Day 2: Cozy Mystery ; Elizabeth S. Craig

Elizabeth S. Craig--Web (2).jpg

Meet Elizabeth S. Craig.

Elizabeth writes the Southern Quilting mysteries and Memphis Barbeque mysteries for Penguin Random House and the Myrtle Clover series for Midnight Ink and independently.
She grew up a fan of Nancy Drew, Trixie Belden, Scooby Doo, and the Hardy Boys before migrating to Agatha Christie. As an adult, she discovered mysteries by M.C. Beaton (especially the Hamish Macbeth series) and realized she wanted to be a cozy mystery writer.
She blogs at , named by Writer’s Digest as one of the 101 Best Websites for Writers.  She curates links on Twitter as @elizabethscraig that are later shared in the free search engine Writers can look up any writing-related subject in the search engine to receive results from thousands of writing blogs.
Elizabeth makes her home in Matthews, North Carolina, with her husband and two teenage children.


Guest Post – 3 Ways for Writers to Use Deadlines

I live by deadlines.  As a writer, most people would expect that.  Publishers like writers to submit work on time. I think most writers have a love-hate relationship with deadlines.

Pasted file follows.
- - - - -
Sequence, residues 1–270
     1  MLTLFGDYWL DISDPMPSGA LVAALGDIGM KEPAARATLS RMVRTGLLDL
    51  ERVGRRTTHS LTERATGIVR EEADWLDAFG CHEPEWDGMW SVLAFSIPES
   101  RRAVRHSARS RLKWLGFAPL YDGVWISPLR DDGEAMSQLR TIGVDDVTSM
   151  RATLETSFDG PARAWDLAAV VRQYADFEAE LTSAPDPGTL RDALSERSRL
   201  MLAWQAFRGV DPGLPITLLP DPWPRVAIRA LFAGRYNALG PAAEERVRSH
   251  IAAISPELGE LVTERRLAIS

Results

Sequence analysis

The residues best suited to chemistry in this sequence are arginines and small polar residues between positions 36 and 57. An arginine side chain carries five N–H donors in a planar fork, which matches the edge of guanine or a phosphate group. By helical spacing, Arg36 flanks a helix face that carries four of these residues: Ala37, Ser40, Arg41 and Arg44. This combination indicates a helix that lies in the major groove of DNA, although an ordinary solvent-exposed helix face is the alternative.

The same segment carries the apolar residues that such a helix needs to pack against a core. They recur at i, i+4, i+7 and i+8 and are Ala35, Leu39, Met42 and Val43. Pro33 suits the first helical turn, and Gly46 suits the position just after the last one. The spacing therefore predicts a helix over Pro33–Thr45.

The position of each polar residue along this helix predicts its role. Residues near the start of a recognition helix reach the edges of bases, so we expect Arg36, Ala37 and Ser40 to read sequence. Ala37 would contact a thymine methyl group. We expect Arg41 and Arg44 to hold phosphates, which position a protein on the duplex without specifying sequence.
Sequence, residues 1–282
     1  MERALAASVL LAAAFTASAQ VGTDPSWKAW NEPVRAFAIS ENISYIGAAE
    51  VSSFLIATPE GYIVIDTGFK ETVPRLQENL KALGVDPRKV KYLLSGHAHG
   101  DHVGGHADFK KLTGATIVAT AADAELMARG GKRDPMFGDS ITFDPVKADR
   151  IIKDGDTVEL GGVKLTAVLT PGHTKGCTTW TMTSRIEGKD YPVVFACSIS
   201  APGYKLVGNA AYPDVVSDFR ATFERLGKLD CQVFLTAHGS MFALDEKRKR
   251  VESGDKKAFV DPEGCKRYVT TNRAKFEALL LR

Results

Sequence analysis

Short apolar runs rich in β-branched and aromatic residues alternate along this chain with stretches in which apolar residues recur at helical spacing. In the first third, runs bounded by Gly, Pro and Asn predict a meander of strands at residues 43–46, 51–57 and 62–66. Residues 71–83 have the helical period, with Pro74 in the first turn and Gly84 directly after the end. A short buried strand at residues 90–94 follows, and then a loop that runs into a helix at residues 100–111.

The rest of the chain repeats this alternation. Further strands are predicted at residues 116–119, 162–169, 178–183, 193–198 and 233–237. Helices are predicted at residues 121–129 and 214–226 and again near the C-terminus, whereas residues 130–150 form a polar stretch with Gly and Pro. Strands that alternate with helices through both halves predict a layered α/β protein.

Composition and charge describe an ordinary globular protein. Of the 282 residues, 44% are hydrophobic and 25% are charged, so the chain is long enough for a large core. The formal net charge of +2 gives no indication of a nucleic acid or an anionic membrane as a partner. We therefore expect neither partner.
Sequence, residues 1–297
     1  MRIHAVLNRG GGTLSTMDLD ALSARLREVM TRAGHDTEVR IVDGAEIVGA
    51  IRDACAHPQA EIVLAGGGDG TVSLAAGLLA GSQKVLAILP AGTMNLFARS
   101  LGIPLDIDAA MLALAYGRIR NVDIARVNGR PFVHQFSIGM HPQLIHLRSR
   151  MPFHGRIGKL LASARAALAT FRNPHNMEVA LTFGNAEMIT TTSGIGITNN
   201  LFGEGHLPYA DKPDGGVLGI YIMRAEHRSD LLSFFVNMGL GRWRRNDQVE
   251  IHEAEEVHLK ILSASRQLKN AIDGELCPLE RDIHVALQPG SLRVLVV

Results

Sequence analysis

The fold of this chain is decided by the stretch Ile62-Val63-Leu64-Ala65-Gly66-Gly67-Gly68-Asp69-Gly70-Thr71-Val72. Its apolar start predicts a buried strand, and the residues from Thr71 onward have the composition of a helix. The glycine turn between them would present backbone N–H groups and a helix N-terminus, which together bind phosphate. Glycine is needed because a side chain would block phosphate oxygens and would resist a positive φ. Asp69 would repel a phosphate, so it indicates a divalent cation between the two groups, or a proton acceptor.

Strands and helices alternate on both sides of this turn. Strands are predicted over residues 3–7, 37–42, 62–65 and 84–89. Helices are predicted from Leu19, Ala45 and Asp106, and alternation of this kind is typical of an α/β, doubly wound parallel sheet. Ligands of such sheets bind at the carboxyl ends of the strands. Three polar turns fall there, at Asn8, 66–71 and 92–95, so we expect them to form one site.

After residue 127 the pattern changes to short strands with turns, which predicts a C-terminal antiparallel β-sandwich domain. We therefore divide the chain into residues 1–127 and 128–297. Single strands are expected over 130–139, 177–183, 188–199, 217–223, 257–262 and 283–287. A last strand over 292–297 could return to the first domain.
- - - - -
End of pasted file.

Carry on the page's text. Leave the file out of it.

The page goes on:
Actually, most everyone lives with deadlines.  We might not even think of them as deadlines.  The timer on the dryer?  It’s a special kind of deadline.  “Hey, pull that shirt out or you’ll be ironing for the next fifteen minutes!”

Deadlines to buy a present for an anniversary?  Our child’s birthday?  Christmas?  Life itself is a deadline.

Some deadlines are self-imposed.  These types of deadlines are what give structure to our lives.  They allow us to grow.

I started getting serious about personal deadlines about twelve years ago.   I had a scamp of a preschooler at the time–the kind of kid you affix deadbolts on your doors for and hide your keys from.  I had a baby who was just getting into the Cheerio stage.

And I decided to set a deadline for myself.  I wanted to write a book by the end of the year.